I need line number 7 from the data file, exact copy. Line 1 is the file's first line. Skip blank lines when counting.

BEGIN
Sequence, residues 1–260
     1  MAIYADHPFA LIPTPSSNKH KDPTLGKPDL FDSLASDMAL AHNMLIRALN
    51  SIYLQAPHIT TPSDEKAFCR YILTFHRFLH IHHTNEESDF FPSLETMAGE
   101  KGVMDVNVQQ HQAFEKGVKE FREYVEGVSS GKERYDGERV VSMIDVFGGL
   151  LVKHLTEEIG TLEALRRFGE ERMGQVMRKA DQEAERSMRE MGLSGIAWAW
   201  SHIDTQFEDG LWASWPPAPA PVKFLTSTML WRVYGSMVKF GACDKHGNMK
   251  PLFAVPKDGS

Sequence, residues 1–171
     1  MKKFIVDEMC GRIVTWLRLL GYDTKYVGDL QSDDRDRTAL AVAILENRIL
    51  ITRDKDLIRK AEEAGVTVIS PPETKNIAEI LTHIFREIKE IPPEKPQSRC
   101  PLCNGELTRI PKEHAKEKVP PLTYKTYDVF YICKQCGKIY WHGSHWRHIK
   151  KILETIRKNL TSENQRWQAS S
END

   251  PLFAVPKDGS